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BWW Review: Roald Dahl Hit MATILDA 'Schools' Hershey Theatre

One word of warning about Roald Dahl's MATILDA: THE MUSICAL. If you don't know by now, this musical is about, and is full of, children. If you don't want to watch a cast of very talented children -more children than THE SOUND OF MUSIC, more very talented children than ANNIE -this is the wrong show. It's also the wrong show if you hate irony, if you hate sarcasm, or if you hate major female parts played by men. If you're good with kids, good with male actors in female roles, and you're okay with bad Latin dancing -a little-discussed element of the show, and intentionally not-good Latin dance -then sit right down and make yourself comfy, because this might just be your show.

We're partly joking, of course, as the whole world must know of the musical juggernaut that is MATILDA. While Ben Brantley of the New York Times was perhaps incorrect in his thoughts that the show is the greatest thing since sliced bread, it's a show that harks back to the great days of book musicals, when sets were sets, when costumes were costumes, when ensembles went over the top, and when plots could run deep and multiple subplots worked. You can see this magic on stage at the Hershey Theatre, and appreciate the return of pre-1980's musicals -not sung-through, not extravaganzas, not near-circuses, but the telling of stories.

MATILDA is the telling, of course, of Dahl's well-known story of the sufferings of an intelligent child in a dull-average family in which the father is a slimy used-car salesman, the mother studies Latin dance, and the brother is a blob on a chair. Cassie Silva is a terrifically amusing Mrs. Wormwood, who's also an especially lithe dancer; Quinn Mattfeld is a fine vaudevillian as Mr. Wormwood, not only as an actor and singer, but down to the extravagant plaid suit. Danny Tieger as Michael brings some actual character to Matilda's brother, who could easily disappear into the upholstery without a strong performer.

But it's at school and the library where Matilda Wormwood lives her life, abused as her mental skills are by her family. Ora Jones as librarian Mrs. Phelps is, in a word, wonderful; she is a fine performer, yes, but her character itself is wondrous, and wondering; she lives to hear Matilda's storytelling and cannot imagine parents who could not be proud of Matilda's creativity. Mrs. Phelps is the iconic librarian we all wish every library had and that those who are friends of librarians will recognize. At school, where Matilda's storytelling intersects with real life, the personages are kindly teacher Miss Honey, played by the lovely Jennifer Blood, and the delightfully evil and horrifying Miss Trunchbull, delivered with hilariously over-the-top villainy by Bryce Ryness. While it's Miss Honey's role to be cowed by Miss Trunchbull, Miss Trunchbull, the headmistress, is a character of such overwhelming fiendish delight as to be worth seeing in her own right; she is, in many ways, the star of the show, as all great villains are.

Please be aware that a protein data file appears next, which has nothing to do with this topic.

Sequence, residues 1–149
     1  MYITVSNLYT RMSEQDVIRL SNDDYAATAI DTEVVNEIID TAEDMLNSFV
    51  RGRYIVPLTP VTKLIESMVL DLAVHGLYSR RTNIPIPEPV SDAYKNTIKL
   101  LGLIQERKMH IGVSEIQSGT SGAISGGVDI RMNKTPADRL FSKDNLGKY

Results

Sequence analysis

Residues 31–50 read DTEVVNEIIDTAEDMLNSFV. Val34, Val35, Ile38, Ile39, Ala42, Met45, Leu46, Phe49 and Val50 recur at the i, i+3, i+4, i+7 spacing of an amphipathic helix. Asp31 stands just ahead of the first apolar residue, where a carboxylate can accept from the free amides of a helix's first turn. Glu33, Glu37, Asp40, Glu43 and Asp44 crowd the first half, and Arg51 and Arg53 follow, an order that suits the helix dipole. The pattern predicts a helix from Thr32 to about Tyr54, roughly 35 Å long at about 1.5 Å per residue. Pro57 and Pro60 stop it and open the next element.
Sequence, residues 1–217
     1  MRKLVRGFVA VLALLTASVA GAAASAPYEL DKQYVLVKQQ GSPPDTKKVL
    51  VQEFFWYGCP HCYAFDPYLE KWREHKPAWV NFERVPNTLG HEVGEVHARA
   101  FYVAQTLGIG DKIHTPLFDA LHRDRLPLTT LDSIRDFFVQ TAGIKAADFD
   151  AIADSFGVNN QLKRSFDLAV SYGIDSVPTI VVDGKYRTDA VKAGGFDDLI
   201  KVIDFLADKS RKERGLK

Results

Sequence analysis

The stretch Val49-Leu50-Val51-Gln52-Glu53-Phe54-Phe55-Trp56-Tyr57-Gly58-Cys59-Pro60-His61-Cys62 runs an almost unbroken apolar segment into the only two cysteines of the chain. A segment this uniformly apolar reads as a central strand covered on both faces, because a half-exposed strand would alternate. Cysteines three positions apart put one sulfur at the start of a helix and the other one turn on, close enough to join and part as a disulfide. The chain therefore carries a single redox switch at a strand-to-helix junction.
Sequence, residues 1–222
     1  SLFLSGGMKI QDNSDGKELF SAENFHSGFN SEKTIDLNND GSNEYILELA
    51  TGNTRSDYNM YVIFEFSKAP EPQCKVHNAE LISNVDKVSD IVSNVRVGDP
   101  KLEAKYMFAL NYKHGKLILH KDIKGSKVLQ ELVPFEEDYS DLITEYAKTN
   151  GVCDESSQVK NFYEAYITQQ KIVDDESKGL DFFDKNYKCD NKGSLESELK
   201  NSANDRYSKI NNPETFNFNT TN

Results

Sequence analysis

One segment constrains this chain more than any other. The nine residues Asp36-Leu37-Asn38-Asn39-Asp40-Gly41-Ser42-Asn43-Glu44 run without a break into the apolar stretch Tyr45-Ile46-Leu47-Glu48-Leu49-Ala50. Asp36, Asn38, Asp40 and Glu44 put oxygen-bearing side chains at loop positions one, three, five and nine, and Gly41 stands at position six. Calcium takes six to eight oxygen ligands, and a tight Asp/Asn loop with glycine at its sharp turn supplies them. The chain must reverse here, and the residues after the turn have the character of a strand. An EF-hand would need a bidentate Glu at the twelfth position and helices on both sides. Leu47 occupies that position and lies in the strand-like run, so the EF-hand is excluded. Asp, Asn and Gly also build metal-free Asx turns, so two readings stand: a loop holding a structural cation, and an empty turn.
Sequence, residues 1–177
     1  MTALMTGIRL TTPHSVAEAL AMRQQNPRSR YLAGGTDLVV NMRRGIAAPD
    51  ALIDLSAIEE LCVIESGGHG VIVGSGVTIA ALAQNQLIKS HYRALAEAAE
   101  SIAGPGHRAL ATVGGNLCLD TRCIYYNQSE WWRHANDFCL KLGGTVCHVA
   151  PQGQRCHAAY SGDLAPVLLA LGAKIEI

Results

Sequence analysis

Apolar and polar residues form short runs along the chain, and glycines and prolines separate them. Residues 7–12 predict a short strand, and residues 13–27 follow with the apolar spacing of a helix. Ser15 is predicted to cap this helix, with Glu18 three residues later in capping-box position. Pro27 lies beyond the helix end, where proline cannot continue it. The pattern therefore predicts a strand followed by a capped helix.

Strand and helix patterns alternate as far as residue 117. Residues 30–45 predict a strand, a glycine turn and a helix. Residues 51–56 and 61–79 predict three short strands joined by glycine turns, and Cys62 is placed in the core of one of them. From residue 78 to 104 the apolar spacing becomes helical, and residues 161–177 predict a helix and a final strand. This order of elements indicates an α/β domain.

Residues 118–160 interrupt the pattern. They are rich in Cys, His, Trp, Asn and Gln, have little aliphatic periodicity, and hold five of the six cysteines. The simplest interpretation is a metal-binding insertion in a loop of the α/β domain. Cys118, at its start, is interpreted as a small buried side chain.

MATILDA has, as it must, a rotating cast of Matildas and other children; on the review night, Matilda was played by Gabby Gutierrez, the first Filipina Matilda. She's a delightful young performer with stage presence and some serious vocal talent. The other children are also strong juvenile performers, most with a healthy list of prior credits. Notable were Charlie Kersh, playing Matilda's self-appointed best friend, Lavender, and Evan Gray as Bruce, the class foil for almost everyone and everything, including Miss Trunchbull.

There are a few completely delightful scenes, including Matilda's library storytelling, the top of the second act with Mr. Wormwood and Michael, and Lavender's "I can't tell you what happens next but I will" scene. The moment Miss Trunchbull meets the newt is, as the current word goes, epic.

There are flaws with MATILDA, notably the overuse, nigh unto death, of some repetitive jokes, and moments when Tim Minchin's lyrics really do replace viable emotion with a little much sarcasm. At this production, audience members in some parts of the theatre may find lights a bit blinding, and words a bit obscured in the sound system, particularly in many of the songs. And it's certainly easy to find Matilda's imaginary story -the one she tells to Mrs. Phelps -a bit too obvious, a bit too overplayed, a bit too hackneyed. It's far too clear before the end just who all the characters in her tale of acrobats and intrigue are, and it comes to feel forced. And then there's the ending itself, which you may be torn between finding absurdly delightful and Just A Bit Too Much. If anything is wrong with the show overall, it's the frequency of A Bit Too Much. But it's a cheery show, as deep or as meaningless as you want it to be (as with all of Dahl's writing), and certainly an encouragement to girls to go ahead and be clever, and unless you can't enjoy children on stage, it's time well spent. Especially watching Miss Trunchbull in action.

Story by Roald Dahl, book by Dennis Kelly, music and lyrics by Tim Minchin. A production of the Royal Shakespeare Company. At Hershey Theatre through November 15. Call 717-862-4521 or visit

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